What a powerful movie!
Both the movie and the recommendation to watch it came from one of my husband’s co-workers. He is a WWII history buff, and assured us that Valkyrie is quite faithful to history. I found out from imdb.com that there are some factual inaccuracies, particularly in the kind of airplanes that were used (in some cases because there simply are no examples left of the planes actually used), but that hardly detracts from one’s appreciation of the movie – unless perhaps you are an expert in military aviation.
I knew that there had been attempts to assassinate Adolf Hitler, and that Dietrich Bonhoeffer had been involved such plotting, and was hanged for it shortly before the fall of Berlin. But I had never realized just how many people, especially senior military officers, had been working to overthrow Hitler, or how many attempts had been made to kill him. A note at the end of Valkyrie says that the July 20 attempt was the last of fifteen attempts, but according to the “Goofs” section at imdb.com, there were actually 42 known assassination attempts.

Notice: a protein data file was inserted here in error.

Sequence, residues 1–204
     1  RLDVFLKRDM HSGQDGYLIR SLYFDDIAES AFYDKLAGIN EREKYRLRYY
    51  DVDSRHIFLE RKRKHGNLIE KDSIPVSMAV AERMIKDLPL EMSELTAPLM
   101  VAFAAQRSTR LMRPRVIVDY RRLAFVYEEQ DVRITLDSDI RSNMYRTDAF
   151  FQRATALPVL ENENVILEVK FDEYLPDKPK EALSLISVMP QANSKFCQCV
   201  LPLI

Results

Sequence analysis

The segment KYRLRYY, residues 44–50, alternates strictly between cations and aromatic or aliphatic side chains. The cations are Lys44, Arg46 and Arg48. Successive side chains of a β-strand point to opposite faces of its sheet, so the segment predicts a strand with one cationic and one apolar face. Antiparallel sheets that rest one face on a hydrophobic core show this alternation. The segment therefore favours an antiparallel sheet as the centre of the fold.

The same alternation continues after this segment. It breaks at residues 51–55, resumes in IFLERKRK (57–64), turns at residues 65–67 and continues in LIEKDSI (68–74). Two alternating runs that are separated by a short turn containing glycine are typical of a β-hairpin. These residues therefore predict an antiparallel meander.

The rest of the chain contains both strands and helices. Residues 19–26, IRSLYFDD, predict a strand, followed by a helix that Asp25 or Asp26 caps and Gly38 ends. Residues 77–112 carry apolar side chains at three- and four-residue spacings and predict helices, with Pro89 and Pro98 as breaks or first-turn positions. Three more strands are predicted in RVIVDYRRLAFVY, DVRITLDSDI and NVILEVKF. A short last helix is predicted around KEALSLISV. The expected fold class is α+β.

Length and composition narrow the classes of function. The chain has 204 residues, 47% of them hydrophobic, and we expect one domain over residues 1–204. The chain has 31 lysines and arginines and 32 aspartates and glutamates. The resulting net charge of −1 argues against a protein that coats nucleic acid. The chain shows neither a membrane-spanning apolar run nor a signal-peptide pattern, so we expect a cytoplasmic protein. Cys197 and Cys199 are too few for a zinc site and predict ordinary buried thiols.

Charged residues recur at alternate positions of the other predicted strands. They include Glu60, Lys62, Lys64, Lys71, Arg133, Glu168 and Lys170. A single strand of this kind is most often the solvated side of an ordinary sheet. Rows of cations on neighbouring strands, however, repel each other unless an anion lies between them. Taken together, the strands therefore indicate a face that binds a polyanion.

I think this movie would have been a riveting story even if it were fiction, but knowing that it is based on history makes it all the more impressive. We know the outcome, of course – Hitler committed suicide at the end of the war, so the assassination attempt must have failed. But the movie nevertheless maintains a surprising level of suspense. Will the plotters at least escape with their lives? Will Colonel Stauffenberg go home to his pregnant wife and his children?
As happened with the book about mountain-climber George Mallory, this movie left me wanting to know more about Claus von Stauffenberg and the German Resistance movement. Fortunately there have been many books written on the subject (our local library has two just on Stauffenberg), so I will be reading up on this subject in the coming weeks.